Being direct and being hateful are not at all the same thing. "I'm afraid I'm going to have to disagree with you there" really doesn't leave much hedge room -- it's not something that the other person has to take a few minutes to digest to figure out that you think they're wrong -- and yet it's perfectly pleasant and doesn't make any personal attack. Indirect stuff can be really hateful, too: "Oh, well, I'm sure I can see why someone like you would feel that way," leaving the tone to convey what the other person's impression is of people like you.
What I'm saying is, there's no quick fix. More politeness, in the sense of genuine consideration for others, would be nice. A greater ability to compromise would also be nice. Less hatred would be better than nice. But none of them is magical, a cure for what ails us in its entirety.
Ah well. Anyway, Mark and I went to the library book sale yesterday afternoon. $2 for a paper grocery bag you could fill with books. We spent $4 and came back with 40 books (but some of them were for Stella!), and we could have jammed several more books in, but there didn't seem any point to taking things we didn't really want just to have more. On the other hand, what we did get was a nice mix of definitely-want and why-the-heck-not. I picked up a couple of reader-recommended books I'd otherwise have just gotten from the library, because I had room in my bag and no reason not to fill it. It was good. It was crowded. The old ladies and the little kids pushed and shoved a bit, and since I browsed both mysteries and children's books and picked up some of each, I was right in the danger zone. But it was all right. Worth it, to be in a crowd of people that excited about books.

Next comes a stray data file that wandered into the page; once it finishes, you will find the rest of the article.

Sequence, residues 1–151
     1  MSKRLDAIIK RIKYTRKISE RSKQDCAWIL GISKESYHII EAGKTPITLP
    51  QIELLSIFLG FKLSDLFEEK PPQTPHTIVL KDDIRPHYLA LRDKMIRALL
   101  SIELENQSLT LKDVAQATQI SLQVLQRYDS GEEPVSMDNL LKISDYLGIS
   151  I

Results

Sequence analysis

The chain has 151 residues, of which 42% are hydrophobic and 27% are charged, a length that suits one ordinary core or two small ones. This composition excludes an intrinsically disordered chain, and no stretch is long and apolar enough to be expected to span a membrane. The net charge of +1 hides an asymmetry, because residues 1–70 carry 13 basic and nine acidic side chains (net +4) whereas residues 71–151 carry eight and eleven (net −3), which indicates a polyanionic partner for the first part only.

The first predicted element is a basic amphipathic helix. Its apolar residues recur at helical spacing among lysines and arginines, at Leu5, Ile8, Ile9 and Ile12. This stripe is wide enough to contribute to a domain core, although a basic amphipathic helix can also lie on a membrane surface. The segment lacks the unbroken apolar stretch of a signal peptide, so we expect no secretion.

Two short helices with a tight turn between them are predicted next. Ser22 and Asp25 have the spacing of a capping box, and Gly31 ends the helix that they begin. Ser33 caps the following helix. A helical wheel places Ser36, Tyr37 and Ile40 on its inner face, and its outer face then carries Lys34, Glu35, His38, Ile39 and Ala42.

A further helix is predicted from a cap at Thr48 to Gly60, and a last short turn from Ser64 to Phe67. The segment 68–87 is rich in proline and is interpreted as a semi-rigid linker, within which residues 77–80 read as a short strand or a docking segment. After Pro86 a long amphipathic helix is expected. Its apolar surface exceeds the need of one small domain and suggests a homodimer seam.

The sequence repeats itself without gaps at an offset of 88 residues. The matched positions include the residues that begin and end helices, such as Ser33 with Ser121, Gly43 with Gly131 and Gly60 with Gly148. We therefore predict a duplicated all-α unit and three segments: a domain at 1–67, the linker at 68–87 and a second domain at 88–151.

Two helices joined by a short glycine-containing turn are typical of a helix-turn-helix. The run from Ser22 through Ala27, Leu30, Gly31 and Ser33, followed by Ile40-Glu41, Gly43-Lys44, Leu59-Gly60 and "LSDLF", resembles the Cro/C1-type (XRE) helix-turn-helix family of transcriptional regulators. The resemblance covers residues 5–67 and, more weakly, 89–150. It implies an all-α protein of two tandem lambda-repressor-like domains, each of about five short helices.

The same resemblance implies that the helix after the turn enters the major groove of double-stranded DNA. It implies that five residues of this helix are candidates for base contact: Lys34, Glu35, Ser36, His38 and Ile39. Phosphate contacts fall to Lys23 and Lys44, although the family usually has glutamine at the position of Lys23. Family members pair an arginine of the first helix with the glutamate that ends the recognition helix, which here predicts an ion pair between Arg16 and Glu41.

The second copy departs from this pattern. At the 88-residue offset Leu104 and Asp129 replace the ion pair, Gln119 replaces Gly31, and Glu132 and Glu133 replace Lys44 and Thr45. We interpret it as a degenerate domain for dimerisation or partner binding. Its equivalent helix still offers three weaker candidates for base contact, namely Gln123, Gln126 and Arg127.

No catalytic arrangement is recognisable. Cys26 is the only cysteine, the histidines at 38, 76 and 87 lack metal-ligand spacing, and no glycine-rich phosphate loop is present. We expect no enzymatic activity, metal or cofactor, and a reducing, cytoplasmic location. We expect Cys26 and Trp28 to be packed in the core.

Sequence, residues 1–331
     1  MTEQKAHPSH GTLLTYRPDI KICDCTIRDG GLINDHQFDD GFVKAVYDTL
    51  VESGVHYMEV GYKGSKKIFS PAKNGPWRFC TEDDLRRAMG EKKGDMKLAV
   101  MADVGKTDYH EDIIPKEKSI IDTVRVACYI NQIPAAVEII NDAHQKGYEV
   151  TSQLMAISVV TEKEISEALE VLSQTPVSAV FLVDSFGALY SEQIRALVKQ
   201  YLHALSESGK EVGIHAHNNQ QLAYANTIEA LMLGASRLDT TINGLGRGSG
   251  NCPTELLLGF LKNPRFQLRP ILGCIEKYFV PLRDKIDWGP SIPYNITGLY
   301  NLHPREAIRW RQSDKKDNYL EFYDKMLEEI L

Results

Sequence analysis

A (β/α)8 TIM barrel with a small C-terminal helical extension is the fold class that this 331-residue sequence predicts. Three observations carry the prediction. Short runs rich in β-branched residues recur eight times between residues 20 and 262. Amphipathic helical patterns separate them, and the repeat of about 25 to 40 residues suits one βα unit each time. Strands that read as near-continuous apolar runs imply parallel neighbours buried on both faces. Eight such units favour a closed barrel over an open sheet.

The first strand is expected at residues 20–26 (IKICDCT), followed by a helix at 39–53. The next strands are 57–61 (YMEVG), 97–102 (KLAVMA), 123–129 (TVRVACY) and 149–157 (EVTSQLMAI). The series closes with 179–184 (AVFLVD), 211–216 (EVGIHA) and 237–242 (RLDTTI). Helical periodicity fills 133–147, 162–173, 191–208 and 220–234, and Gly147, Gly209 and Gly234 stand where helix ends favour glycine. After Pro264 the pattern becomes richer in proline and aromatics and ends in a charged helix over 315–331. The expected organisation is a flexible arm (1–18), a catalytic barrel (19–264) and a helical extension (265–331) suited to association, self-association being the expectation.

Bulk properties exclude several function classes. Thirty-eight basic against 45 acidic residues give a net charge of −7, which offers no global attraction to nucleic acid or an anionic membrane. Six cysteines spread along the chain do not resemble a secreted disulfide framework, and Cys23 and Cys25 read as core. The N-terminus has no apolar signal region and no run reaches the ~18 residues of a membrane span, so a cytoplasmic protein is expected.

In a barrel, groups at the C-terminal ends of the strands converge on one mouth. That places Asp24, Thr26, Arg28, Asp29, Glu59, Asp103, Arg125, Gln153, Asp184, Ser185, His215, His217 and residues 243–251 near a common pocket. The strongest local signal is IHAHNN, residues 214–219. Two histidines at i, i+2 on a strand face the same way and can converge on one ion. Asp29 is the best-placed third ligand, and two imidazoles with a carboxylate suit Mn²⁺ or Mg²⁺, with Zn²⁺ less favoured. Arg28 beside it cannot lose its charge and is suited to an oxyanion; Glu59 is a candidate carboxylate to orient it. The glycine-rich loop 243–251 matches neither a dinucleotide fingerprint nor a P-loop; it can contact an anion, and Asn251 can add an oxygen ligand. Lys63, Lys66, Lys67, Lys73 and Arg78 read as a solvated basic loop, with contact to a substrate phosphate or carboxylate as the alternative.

Whenever I come into the office, though, I get "This Is Where It Ends" in my head, because of the bit that's my life all over: "I don't buy everything I read -- haven't even read everything I've bought." (If The Jer is going to attach a BNL song to a Fortean author bio, he could do worse than this one, I think. It's probably true of most of us.) I have instituted a firm rule that only crucial work-related library books may come home with me until I've read down the piles a bit. Sometimes arbitrary rules turn out to be necessary, and I'm afraid this is one of those times.